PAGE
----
‘Royale’ intensely probes anguish of black boxer

Boxers Calvin M. Thompson (left) and Satchel (right) prepare to fight in “The Royale” as (from left) Donald E. Lacy Jr., Tim Kniffin and Atim Udoffia watch. Photo by David Allen.

“The Royale,” a barely veiled drama about the first black world’s heavyweight boxing champ, gave me much to like:

• Intense, powerful, top-drawer performances by each of the five members of the ensemble cast.

• Unique tribal, jazzy clapping, stomping, finger snapping and knee slapping in unison.

• Highly stylized, imaginative fight scenes choreographed jointly by director Darryl V. Jones and Joe Orrach with two boxers side by side so there’s no actual contact. Or gore.

• Superb guidance by Jones that makes almost every movement —from remarkably forceful to methodically slow — meaningful.

• Minimalist set and props that allowed me to pay attention to the actors without distraction.

• Unrelenting jabs at misperceptions and uncertainties stemming from Jim Crow racism in the early 20th century.

All that said, I still found the sporadically languid 90-minute one-act play at the Aurora Theatre lacking. No surprises. No knockout punch.

And, therefore, ultimately having — disappointingly — negligible impact on me.

The storyline stresses Jay Jackson’s mental anguish — his dilemma about whether to ignore both his hunger to win and his pride being a black star in a white world and, instead, throw the sold-out bout with the Caucasian champion to avoid a white backlash against African Americans.

As exemplified in the play by a gruesome allusion to a lynching.

The basic premise, of course, is borrowed from the real life of Jack Johnson, who became the target of supremacist bigots before and after he coaxed James L. Jeffries out of retirement and defeated him in the so-called “Fight of the Century” in 1910 Reno.

Calvin M. Thompson is outstanding as opponent-taunting Jackson (who revels in the conquest of white women and the wearing of white suits), and Satchel André is equally potent as his sparring partner, Fish.

Tim Kniffin, the lone white in the cast, shines as Max, “the only interracial fight promoter” in the game, while Donald E. Lacy Jr. is a fascinating combo of insubordinate and subservient as Wynton, Jackson’s trainer, and Atim Udoffia effectively doubles as Jackson’s sister, Nina, and, in a gender-bending moment, the white champ.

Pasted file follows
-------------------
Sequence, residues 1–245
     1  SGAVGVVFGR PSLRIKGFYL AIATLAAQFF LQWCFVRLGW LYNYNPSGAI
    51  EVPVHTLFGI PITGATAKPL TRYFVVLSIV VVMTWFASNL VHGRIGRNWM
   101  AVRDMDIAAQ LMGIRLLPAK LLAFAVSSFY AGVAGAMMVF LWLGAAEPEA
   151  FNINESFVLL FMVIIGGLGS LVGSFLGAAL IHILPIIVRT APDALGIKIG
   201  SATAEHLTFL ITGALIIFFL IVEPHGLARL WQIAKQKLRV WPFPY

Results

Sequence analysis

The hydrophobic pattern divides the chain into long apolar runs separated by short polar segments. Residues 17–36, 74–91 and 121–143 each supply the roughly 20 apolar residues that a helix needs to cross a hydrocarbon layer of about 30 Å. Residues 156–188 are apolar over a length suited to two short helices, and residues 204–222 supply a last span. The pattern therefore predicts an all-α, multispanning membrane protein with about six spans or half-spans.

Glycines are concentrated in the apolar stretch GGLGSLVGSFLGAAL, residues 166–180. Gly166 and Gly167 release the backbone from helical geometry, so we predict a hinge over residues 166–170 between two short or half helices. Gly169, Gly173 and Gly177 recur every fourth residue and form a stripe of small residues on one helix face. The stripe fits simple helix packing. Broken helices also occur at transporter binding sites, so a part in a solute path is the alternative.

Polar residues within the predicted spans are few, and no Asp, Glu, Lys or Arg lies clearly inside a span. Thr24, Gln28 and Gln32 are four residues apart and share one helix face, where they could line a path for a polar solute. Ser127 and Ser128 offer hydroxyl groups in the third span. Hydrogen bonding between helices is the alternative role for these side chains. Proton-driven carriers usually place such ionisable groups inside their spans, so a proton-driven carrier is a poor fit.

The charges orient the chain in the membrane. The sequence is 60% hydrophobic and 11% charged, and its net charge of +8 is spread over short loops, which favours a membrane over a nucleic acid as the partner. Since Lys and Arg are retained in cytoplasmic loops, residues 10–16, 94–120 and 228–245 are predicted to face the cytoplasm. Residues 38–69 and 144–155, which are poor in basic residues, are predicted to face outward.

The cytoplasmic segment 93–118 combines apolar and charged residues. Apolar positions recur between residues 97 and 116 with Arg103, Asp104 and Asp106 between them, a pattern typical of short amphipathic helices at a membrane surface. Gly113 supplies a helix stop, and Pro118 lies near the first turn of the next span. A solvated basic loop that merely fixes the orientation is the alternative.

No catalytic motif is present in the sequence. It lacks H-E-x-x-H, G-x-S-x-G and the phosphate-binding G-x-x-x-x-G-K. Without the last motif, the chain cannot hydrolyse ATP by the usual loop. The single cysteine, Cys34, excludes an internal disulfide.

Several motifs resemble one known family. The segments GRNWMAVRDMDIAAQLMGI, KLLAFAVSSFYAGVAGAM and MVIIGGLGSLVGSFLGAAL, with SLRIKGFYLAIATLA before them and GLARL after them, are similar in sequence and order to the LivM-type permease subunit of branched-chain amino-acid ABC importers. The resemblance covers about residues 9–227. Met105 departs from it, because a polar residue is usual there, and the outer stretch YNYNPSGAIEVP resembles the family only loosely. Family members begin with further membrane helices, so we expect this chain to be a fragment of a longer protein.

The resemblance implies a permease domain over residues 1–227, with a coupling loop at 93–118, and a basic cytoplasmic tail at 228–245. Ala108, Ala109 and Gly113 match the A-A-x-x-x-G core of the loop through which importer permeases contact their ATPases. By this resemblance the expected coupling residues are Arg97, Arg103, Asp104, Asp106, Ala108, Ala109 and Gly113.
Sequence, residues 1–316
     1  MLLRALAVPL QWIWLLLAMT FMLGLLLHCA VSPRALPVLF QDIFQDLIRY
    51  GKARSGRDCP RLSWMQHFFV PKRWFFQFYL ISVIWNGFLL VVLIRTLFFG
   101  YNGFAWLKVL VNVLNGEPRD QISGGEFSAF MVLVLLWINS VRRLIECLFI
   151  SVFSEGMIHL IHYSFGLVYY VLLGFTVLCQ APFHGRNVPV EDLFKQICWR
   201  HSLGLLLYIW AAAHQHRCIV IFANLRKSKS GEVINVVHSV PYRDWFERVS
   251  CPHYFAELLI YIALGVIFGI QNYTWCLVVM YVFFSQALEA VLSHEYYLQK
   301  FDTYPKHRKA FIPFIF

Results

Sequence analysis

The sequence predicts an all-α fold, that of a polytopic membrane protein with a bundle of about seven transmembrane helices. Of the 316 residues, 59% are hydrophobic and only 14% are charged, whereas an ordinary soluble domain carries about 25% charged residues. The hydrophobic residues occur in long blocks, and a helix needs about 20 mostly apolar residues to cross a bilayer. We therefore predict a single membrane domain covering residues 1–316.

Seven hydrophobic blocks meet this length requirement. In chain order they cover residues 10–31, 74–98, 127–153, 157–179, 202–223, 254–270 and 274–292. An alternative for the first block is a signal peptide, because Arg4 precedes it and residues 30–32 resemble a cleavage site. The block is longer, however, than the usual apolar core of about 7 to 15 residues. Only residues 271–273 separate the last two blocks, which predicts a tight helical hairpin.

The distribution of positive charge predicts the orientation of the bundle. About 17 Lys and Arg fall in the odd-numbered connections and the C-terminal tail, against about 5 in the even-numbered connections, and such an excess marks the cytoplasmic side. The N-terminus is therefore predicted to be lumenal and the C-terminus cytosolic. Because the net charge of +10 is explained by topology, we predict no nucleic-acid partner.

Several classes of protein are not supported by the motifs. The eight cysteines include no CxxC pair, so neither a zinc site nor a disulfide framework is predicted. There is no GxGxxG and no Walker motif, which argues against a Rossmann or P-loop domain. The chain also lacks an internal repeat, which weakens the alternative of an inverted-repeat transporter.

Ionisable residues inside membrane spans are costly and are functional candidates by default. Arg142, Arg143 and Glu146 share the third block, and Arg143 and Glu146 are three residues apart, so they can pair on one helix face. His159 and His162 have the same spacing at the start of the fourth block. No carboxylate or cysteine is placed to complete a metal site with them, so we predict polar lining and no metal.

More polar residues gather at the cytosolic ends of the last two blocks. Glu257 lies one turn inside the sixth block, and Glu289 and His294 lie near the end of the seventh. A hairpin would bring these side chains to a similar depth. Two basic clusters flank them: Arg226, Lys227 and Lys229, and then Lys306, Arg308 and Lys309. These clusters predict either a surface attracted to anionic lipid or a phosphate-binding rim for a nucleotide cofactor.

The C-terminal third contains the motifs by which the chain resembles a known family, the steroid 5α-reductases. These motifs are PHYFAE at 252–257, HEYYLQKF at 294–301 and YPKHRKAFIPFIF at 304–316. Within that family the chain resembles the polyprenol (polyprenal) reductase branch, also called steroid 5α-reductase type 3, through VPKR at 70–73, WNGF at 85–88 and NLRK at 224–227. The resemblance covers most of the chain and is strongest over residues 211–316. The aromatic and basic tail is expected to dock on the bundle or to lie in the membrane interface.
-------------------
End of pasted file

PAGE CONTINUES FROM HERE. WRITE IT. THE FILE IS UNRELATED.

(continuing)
Poignancy is an integral part of the play written by Marco Ramirez, who’s created episodes of television’s “Orange Is the New Black” and “Sons of Anarchy.”

Especially in scenes in which Jackson describes his sister’s futile attempts to change herself into a white woman and blindfolded black fighters pulverizing each other so the last man standing can collect coins tossed by a cheering crowd of bloodthirsty whites.

Although neither Jackson nor “The Royale” conjure up the heroic stance of Sylvester Stallone’s “Rocky” nor the tragedy of Robert de Niro’s “Raging Bull,” the play can be appreciated on multiple levels.

Particularly by anyone unfamiliar with the prizefight world’s actual history or the race riots spurred by the championship battle.

Or by those looking for another reason to moan about today’s mushrooming racism.

“The Royale” runs at the Aurora Theatre, 2081 Addison St., Berkeley, through Dec. 3. Night performances, 7 p.m. Sundays, Tuesdays and Wednesdays, 8 p.m. Thursdays through Saturdays; matinees, 2 p.m. Sundays. Tickets: $33-$65. Info: http://auroratheatre.org or (510) 843-4822.

Contact Woody Weingarten at at www.vitalitypress.com/ or voodee@sbcglobal.net.

About the Author

Woody WeingartenWoody Weingarten, who can be reached at www.vitalitypress.com/ or voodee@sbcglobal.net, can’t remember when he couldn’t talk — or play with words. His first poem was published in high school but when his hormones announced the arrival of adulthood, he figured he’d rather eat than rhyme. So he switched to journalism. And whadda ya know, the bearded, bespectacled fella has used big, small and hyphenated words professionally since jumpstarting his career in New Yawk City more than 60 years ago. Today the author of the book “Rollercoaster: How a man can survive his partner’s breast cancer” is also a reviewer-critic, blogger and publisher — despite allegedly being retired. During his better-paid years as a wage slave he was an executive editor and writer for daily and weekly publications in California, Florida, New Jersey, Pennsylvania and New York. He won writing awards for public service and investigation, features, columns, editorials and news. Woody also has published weekly and monthly newspapers, and written a national column for “Audio” magazine. A graduate of Colgate University, he owned a public relations/ad agency and managed an advertising publication. The father of two and grandfather of three, he and his wife, Nancy Fox, have lived in San Anselmo in Marin County for three decades. He figures they'll stay.View all posts by Woody Weingarten →